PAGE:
• Rejoice in the Lord, a hymnal (1985) of the Reformed Church in America, one of the last works of Erik Routley, who edited its music. It’s a great hymnal, and quite idiosyncratic. Some of the contents leave me scratching my head, but some (such as setting “A stable lamp is lighted” to ES IST EIN’ ROS’ ENTSPRUNGEN) have me wondering why I hadn’t thought of that. And Routley’s paragraph on inclusive language revision of hymns is a joy for me to read: “… we have not often embarked on the extremely hazardous and difficult task of adjusting all language so that it gives no offense to those who regard it as wrong to use the male pronoun for God the Father or God the Holy Spirit. What is appropriate to precise theological discourse is, we believe, not necessarily appropriate to religious lyric. Ours is an era of sensitivity to this issue but it is also a time which has not yet developed a genderless pronoun. In this context, the selection or adjustment of texts to accommodate this awareness would commit us either to omit a very large number of established classics, or so to alter their diction and style as  to make them unrecognizable to singers (and probably to make them a travesty of what their authors intended). For better or for worse, we have gone as far in this matter as our times and good sense would allow….”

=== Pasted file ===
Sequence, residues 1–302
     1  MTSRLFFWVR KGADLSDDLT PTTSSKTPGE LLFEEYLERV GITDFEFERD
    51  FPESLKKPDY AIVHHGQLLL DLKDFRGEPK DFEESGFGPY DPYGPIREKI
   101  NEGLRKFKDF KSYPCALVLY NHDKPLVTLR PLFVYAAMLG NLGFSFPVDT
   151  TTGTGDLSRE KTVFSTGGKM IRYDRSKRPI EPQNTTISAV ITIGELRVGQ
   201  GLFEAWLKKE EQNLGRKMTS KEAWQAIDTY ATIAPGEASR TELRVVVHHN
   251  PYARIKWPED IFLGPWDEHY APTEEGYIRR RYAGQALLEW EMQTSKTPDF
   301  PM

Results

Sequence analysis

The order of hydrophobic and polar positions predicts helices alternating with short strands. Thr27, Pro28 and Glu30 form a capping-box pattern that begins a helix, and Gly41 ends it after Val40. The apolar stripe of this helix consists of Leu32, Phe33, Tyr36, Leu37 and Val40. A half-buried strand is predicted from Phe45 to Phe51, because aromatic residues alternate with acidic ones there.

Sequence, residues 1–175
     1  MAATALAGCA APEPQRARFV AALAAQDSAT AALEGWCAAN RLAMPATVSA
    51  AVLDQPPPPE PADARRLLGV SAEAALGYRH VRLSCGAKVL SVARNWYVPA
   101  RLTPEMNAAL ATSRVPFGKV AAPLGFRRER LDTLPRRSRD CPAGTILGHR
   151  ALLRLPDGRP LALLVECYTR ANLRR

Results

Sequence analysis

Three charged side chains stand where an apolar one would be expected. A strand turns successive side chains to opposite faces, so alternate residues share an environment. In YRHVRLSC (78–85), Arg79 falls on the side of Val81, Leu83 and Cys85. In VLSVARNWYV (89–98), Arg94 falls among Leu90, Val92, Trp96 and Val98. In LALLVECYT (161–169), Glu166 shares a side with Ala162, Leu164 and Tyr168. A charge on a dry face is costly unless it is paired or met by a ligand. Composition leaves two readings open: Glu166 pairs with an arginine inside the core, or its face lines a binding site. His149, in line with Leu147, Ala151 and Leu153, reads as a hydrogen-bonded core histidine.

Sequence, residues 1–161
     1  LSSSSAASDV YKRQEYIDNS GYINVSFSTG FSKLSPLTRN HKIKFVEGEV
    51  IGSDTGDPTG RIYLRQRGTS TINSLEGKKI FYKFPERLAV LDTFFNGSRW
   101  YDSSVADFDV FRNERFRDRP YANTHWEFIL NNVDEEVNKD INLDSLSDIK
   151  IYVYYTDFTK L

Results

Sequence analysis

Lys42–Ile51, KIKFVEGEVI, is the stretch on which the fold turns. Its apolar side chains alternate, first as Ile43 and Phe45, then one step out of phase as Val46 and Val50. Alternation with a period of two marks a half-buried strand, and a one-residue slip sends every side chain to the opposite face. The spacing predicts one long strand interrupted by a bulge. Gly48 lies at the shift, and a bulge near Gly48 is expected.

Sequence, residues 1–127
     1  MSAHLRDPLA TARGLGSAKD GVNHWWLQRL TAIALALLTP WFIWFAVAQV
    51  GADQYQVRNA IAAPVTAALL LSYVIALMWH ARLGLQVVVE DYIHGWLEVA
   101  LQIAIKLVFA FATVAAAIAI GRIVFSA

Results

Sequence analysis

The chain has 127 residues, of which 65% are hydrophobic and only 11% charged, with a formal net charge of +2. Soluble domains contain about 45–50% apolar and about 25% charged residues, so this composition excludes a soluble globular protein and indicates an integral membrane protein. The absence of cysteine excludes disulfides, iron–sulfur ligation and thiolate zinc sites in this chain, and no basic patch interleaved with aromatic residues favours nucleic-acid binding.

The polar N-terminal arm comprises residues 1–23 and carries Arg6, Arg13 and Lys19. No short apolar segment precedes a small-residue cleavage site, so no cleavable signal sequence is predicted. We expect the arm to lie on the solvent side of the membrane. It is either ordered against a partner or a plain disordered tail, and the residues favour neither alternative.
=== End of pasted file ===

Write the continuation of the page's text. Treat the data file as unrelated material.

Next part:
Let me also note that I have set up a wiki (at wikispaces) for those hymnal editing tasks which can probably be better done in a wiki than in a blog. It is empty now, but it is likely that I will start filling it soon.

KH5 Come, let us join our cheerful songs

Novembro 18, 2009

Isaac Watts again, this time not a metrical psalm but a spiritual song, in Common Metre:

Come, let us join our cheerful songs
With angels round the throne.
Ten thousand thousand are their tongues,
But all their joys are one.

“Worthy the Lamb that died,” they cry,
“To be exalted thus!”
“Worthy the Lamb,” our hearts reply,
“For He was slain for us!”

Jesus is worthy to receive
Honor and power divine;
And blessings more than we can give,